AS the famine for European style wool intensifies, buyers showed their cards at the designated superfine sale in Sydney on Thursday with desperate bids more than 80 cents a kilogram up on last week.
The Australian Wool Exchange’s Eastern Market Indicator (EMI), considered the industry’s benchmark, climbed a further 15c to 1437c/kg clean, an increase of six per cent since the turn of the year.
Buyers focus on micron was evident throughout the sale of nearly 45000 bales at the country’s three selling centres in Sydney, Melbourne and Fremantle.
Showstoppers of Sydney’s superfine sale were two bales accredited with the prestigious 1PP certification which were sold into Italian fabric company Reda’s 150PP Project, through New England Wool.
To be certified 1PP a bale must be 16.9 micron or finer, contain 1pc vegetable matter or less, be at least 70 millimetres in length and exhibit superlative quality, style and soundness.
After four years in storage, Kelvin Vale, Uralla, New England, NSW, sold one of the 1PP bale at 6350c/kg, or $5322/bale.
The bale was from rugged Merinos, measured 14.6m, 0.1pc vegetable matter, 76.9pc yield and had a staple strength of 46 Newtons per kilotex.
It marked the seventh 1PP bale Kelvin Vale has sold into the REDA 150PP Project, which has acquired 128 bales in total since the initiative was launched in 2013.
The second bale was from the Picker family, Hillcreston, Bigga, NSW, from shedded Merinos selling under the Hillcreston/Pinehill brand. The bale measured 14m, 0.2VM, 41N/k and yielded 75.6pc.
The bale sold for $4521, or 6500c/kg clean.
Both bales will be combed, spun and woven in Italy for exclusive Reda Super 150’s suiting material.
“The price increase for the superfine market has added confidence and more of a spark to the game for wool producers,” New England Wool managing director Andrew Blanch said.
“While this is great most growers would like to see that for a couple of years before they make commercial decisions to either get back in or increase their numbers.”
It was one of the last major opportunities to meet the needs of superfine-thirsty buyers, according G Schneider Australia’s Tim Marwedel, who said supply of top quality superfine fleece volumes evaporated from March to July.
The result was fierce competition on 19.5m and finer which were 25 to 50c/kg dearer with better styles below 17.5 the sweet spot, receiving the 80c/kg uplift.
“This is a strong supply and demand market scenario,” Mr Marwedel said.
“Ever since the Goulburn sales ended, there have been dedicated growers that hold their clip for this week and it certainly paid its way.
“It is pleasing to see auction prices for merino, and in particular superfine merino wools, reach prices that give a clearer indication to the growers of the importance of these types to the Italian wool industry in general. We hope they are sustained.”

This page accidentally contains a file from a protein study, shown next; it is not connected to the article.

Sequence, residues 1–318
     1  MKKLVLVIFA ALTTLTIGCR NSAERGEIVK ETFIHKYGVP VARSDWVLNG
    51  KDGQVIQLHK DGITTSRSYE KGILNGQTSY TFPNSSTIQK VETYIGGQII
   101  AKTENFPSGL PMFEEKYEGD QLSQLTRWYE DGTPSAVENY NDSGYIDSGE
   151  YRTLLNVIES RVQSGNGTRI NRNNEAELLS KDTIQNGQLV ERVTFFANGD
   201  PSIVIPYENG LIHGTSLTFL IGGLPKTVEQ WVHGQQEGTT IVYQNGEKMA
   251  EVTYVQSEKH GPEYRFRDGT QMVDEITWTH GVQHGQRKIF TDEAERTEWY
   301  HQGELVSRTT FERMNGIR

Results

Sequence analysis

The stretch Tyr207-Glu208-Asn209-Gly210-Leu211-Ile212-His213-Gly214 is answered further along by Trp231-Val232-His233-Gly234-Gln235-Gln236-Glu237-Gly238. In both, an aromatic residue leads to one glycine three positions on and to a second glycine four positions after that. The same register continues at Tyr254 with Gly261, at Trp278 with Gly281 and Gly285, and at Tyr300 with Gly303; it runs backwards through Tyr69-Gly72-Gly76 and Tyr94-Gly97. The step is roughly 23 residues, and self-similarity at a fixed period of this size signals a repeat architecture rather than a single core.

Italian weavers purchased the best styles of the 16.5-18.5m range and were hard to beat from a price perspective.
The skirting market followed suit with buyers’ frantic bidding boosting better styled 17m and finer skirtings above 100c/lg week-on-week, while 19.5m and finer rose 30-50c/kg.
“The market strength is evident with skirtings selling extremely well for good fine lots,” Mr Marwedel said.
“The grower’s average price per bale is helped tremendously by the value of the their skirtings.”
The indicative dollars per 185kg average bale this week was $2427 for 17m, $2107 19m, $1712 21m and $1617 23m.
The market has flushed more than 1PP bales out of storage, with buyers concerned majority of country’s superfine selection had been sold this season.
“For the last 20 years growers have always had some stock available that was offered from week to week, but because of the strengthened prices, they market has enticed them out of storage and onto the market,” he said.
“There is some good fine wool that is over a year old selling.
“Supply is not dire, but is a situation where the market needs to pay those growers for their premium product. Buyers are being selective.”
The EMI in US currency also escalated 9c to US1096c/kg, an increase of 183c/kg year-on-year.
Mr Marwedel said the “hand-to-mouth” buying situation meant the currency fluctuations made less of an impact.
“With prices where they are though, if we stop selling it becomes a problem,” he said.
“We are finding some reluctance at these levels, which there always is, to pay these prices from the spinners and weavers because they could have commitments which are well below these levels.
“Supply, or lack of it, is playing a greater role in the current auction price levels than any dramatic change in demand.”